With Lent underway, parishes of the Archdiocese of Santa Fe are gearing up in preparation for the celebration of first sacraments: Baptism, Confirmation, and Eucharist (Communion) at the Easter Vigil, the conclusion of a process known as the Rite of Christian Initiation of Adults (RCIA). This is a preparation for the reception into the Catholic Church through baptism of unbaptized adults, known as catechumens, and baptized Christians who seek full initiation with the Church by the celebration of Confirmation and/or Eucharist, and they are called candidates. Already the archdiocese has begun the Rite of Election, a ritual in which catechumens sign their names in the Book of the Elect, indicating they have chosen to enter the Church through baptism by their own free will. The first occurrence this year of those rites took place in the Cathedral Basilica of St. Francis of Assisi in Santa Fe this last Sunday. The event will repeat in two other areas, Santa Rosa and Albuquerque, on Saturday and Sunday, February 23 and 24 respectively.
One of the parts of the process is for the catechumens and candidates to develop a knowledge of the Communion of Saints, a calling for all to sainthood, and to choose a patron name. The list of saints is very long, and a diligent preparer will examine a few names and the stories of their lives before making a choice.
Naming is an essential part of the Church today and also back to the very beginning of the Bible. God named the man and woman and gave them the authority to name the other creatures of the world. God changed the name of the patriarch Abram to Abraham. In the New Testament of the Christian Covenant, the first words of Matthew’s Gospel are a listing of the characters in the lineage between David and Jesus, and then, before the Nativity of the Lord, the angel tells Mary and Joseph that the child is to be called ‘Jesus.’
The Gospel according to Luke dives even quicker and deeper into the question of names. The Jewish priest, Zechariah and his wife, Elizabeth, who was barren, were promised by God a child in their old age. When the elder scoffed at the idea, he was made silent until after the child was born. At the presentation ceremonies, the temple officials refused to accept Elizabeth’s naming of the child: John. They insisted that the boy should bear the name of his father’s lineage, to which Zechariah grabbed a tablet and wrote, “His name is John.” His ability to speak was returned at once.
The saints who are honored by the Church today include many who certainly were ‘no saints’ during portions of their lives. The great Doctor of the Church, St. Augustine, actually wrote about his sinful life (Confessions), how he partook of virtually every vice known in his day, before being led to a deeper faith and a great conversion guided by another Doctor of the Church, St. Ambrose.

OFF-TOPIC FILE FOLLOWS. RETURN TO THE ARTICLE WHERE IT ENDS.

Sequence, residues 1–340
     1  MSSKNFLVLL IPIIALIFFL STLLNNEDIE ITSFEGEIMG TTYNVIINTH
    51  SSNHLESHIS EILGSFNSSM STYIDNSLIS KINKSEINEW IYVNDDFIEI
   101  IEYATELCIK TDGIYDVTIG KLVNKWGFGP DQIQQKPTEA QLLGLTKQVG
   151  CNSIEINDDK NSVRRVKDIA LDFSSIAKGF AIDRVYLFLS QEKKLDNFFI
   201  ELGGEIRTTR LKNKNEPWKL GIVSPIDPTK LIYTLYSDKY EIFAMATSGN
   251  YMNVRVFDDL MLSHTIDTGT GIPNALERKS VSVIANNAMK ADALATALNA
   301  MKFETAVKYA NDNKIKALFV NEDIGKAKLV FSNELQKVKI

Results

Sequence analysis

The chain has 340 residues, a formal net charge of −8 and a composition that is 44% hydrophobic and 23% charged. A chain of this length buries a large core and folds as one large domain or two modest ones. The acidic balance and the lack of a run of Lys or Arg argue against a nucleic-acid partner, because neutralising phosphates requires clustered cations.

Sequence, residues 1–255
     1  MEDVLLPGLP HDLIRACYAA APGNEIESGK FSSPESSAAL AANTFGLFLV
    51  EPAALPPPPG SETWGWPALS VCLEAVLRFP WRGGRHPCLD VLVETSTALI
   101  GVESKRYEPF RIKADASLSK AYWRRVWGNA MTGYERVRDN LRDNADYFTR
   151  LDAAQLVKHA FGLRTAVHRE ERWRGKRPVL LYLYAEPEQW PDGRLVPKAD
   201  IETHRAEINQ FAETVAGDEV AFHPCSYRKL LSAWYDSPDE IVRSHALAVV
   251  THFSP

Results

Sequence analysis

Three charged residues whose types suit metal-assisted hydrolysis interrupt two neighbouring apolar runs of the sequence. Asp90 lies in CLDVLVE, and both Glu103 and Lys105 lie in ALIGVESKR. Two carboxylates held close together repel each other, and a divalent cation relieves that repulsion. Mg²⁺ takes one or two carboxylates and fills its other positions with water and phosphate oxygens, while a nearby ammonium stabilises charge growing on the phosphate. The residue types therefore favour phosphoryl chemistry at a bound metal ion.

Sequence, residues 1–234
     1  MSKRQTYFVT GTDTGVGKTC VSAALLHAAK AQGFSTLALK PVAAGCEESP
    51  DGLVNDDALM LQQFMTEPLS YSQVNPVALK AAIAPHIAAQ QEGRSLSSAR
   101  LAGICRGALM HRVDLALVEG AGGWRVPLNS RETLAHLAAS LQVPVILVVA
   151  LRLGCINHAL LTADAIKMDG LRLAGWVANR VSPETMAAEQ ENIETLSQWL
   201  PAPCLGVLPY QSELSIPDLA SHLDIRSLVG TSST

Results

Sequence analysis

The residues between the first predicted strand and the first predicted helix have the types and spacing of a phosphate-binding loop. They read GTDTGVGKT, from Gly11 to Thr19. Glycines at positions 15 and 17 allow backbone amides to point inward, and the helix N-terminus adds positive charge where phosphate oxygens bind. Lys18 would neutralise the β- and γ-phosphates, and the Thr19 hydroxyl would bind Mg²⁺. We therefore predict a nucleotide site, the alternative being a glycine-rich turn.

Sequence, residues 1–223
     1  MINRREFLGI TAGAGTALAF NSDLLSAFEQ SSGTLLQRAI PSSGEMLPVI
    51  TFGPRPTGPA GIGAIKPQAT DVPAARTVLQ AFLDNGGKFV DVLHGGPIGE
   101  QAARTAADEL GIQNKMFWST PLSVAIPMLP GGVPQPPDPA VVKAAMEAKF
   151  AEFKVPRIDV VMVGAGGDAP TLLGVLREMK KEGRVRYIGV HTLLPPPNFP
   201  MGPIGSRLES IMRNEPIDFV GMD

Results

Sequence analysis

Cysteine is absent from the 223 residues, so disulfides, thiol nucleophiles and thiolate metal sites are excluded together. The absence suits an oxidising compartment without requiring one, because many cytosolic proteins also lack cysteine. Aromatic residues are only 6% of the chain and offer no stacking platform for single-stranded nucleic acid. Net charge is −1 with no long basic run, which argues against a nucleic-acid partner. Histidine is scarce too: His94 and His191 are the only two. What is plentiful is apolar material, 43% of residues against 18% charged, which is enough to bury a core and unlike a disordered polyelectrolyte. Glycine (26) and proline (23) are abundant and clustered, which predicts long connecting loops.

A great many of the saints achieved their sainthood by one great moment in their lives, and the largest number of those reached that point by martyrdom. These were the men and women, boys and girls, who, no matter what else they had done in their lives, stood up for Christ to the point of their own torture and death. As an example, St. Stephan was a Greek, not a Jew, in the early Christian movement, and he had to stand up to the larger, ruling body of Jews in order to get equal rights for the growing Gentile population that traveled with him. Stephan was a holy man, ‘filled with the Spirit,’ a good preacher and administrator, but he was also a bit of a protagonist in dealing with others. He always seemed to welcome debate or argument from learned men and common folk alike.
Acts of the Apostles reveals that Stephan rose in popularity for his righteousness and likewise cultivated some powerful enemies within the individual sects. He was brought up on false accusations of blasphemy against God and the Law of Moses. In the end, Stephan spoke a great discourse on the history of the Jewish people but was still forced from the city. The crowd assaulted him with words and rocks. As he prayed in peace for their forgiveness, St. Stephan was stoned to death.
The list of the common names we know could go on and on: the apostles, Francis, Dominic, Teresa of Avila, Thomas Aquinas, Mary Magdalene, Joseph, but that eludes what a saint really is.
The Catechism of the Catholic Church describes the communion of saints as a communion between holy things and/or holy people. The communion of saints on earth is the presence of the Church. Sainthood is not some special gift offered to a select few, but rather a calling from God for all to be His holy people. The catechism further explains that the saints in heaven are witnesses who have gone before us, who continue in prayer and holy things, in service of the Lord and of humanity. They are blessed by God and put in charge of many things that take place on earth. Theirs is a life of complete love of God and of His people. (CCC #2683)
As catechumens and candidates prepare to choose the name of their patron saints, we should all reflect on our role as participants in the communion of saints. We should cherish our moments of spiritual strength, and thank God, who lifts us up when we are weak. “I have given you an example, so you also should do” (John 13:15) Whose example have I been today?